This fireball was a "random occurrence" and not associated with any meteor shower.
A spectacular fireball on Friday was spotted zooming over several US states, including Indiana and Wisconsin. The American Meteor Society (AMS) shared a video of the sighting and said that it received around 150 reports of the fireball.
As per Newsweek, Robert Lunsford, fireball report coordinator for the AMS, informed that the flight of the fireball, which headed northeast, lasted between three and five seconds. The fireball entered the atmosphere over the town of Advance, Indiana, and it disintegrated above the area of Burlington, Indiana, according to AMS.
Take a look at the video below:
Further, the meteor society informed that the reports of sightings came from Indiana, Alabama, Iowa, Wisconsin, Ohio, Missouri, Illinois and Kentucky. Mr Lunsford reportedly said that this fireball was most likely a "random occurrence" and not associated with any particular meteor shower.
"I have seen a lot of fireballs in this part of the sky but this by far was the biggest one so far," one person who spotted the fireball in Ohio told AMS. Another eyewitness stated, "I've never seen anything like what I just saw. It was beautiful, exciting, and prompted me to do quick research and to see who else may have seen it as well." "All I know is it was massive and amazing to see even if it was only for a few seconds. Breathtaking!" added third.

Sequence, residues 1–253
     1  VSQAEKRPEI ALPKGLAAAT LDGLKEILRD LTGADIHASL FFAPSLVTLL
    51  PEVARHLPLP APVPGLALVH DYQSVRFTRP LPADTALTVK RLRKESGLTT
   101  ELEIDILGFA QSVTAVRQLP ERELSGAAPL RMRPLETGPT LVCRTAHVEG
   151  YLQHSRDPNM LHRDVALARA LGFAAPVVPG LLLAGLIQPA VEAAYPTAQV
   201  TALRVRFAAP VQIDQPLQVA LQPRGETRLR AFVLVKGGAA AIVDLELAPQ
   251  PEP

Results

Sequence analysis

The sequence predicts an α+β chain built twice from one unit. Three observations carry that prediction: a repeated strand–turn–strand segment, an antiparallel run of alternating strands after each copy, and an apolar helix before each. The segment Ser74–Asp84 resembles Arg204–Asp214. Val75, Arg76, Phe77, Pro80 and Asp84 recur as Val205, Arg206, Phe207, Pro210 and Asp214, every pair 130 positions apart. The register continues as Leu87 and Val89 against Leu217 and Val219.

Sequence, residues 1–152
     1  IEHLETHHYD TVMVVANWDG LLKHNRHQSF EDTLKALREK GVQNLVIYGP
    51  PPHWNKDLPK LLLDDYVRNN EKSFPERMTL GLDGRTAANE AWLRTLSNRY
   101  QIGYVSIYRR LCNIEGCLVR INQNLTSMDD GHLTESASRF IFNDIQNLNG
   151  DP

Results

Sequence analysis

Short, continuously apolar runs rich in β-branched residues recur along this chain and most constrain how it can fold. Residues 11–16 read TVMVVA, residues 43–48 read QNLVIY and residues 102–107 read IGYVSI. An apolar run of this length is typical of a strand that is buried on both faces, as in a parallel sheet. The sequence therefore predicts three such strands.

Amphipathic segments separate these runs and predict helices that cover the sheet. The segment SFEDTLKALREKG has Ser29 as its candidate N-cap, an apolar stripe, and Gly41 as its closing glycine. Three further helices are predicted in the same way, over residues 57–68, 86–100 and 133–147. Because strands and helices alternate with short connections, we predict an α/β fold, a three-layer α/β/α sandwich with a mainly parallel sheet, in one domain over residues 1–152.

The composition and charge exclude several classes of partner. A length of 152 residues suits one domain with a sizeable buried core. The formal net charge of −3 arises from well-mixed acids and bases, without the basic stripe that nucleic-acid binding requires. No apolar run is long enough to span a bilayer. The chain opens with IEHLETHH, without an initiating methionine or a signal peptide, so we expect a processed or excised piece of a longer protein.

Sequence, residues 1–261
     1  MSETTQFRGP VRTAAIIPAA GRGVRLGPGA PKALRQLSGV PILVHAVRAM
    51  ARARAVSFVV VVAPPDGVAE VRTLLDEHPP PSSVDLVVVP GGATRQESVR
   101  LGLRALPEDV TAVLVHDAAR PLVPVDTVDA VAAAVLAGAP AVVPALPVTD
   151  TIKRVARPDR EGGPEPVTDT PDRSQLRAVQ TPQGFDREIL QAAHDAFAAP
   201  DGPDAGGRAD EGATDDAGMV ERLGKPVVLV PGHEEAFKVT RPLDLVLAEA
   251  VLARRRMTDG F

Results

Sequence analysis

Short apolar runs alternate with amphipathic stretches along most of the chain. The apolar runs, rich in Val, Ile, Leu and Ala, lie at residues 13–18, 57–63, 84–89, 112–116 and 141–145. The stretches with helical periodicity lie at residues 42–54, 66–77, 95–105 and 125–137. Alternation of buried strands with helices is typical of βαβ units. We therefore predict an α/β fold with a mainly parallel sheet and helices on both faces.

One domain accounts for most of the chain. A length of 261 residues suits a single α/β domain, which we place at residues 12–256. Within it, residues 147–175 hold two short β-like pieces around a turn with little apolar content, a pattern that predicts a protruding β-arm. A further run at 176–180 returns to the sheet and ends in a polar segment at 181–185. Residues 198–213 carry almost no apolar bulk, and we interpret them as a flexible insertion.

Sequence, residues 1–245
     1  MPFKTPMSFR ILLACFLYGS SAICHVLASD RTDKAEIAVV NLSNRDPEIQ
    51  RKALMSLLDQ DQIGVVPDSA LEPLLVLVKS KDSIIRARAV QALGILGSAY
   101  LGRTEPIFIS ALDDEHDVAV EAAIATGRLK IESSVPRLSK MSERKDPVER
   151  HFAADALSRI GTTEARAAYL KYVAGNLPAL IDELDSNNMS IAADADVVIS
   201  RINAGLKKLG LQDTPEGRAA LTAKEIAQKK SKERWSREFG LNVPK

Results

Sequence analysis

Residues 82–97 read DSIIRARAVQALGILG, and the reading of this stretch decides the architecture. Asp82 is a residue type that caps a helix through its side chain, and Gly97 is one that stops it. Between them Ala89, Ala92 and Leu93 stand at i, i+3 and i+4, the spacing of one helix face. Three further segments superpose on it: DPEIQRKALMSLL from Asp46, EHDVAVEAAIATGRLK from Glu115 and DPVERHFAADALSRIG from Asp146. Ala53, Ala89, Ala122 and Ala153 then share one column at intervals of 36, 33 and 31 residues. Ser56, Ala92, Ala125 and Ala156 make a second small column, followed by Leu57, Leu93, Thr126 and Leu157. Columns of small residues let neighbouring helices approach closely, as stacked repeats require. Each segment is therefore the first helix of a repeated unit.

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Fireball is another term for a bright meteor. They are brighter than the average meteor because the pieces of space debris that cause them are larger.
Meteors, which are also known as shooting stars, are the streak of light that we see in the sky when asteroids or meteoroids enter the Earth's atmosphere at high speed and burn up in the process.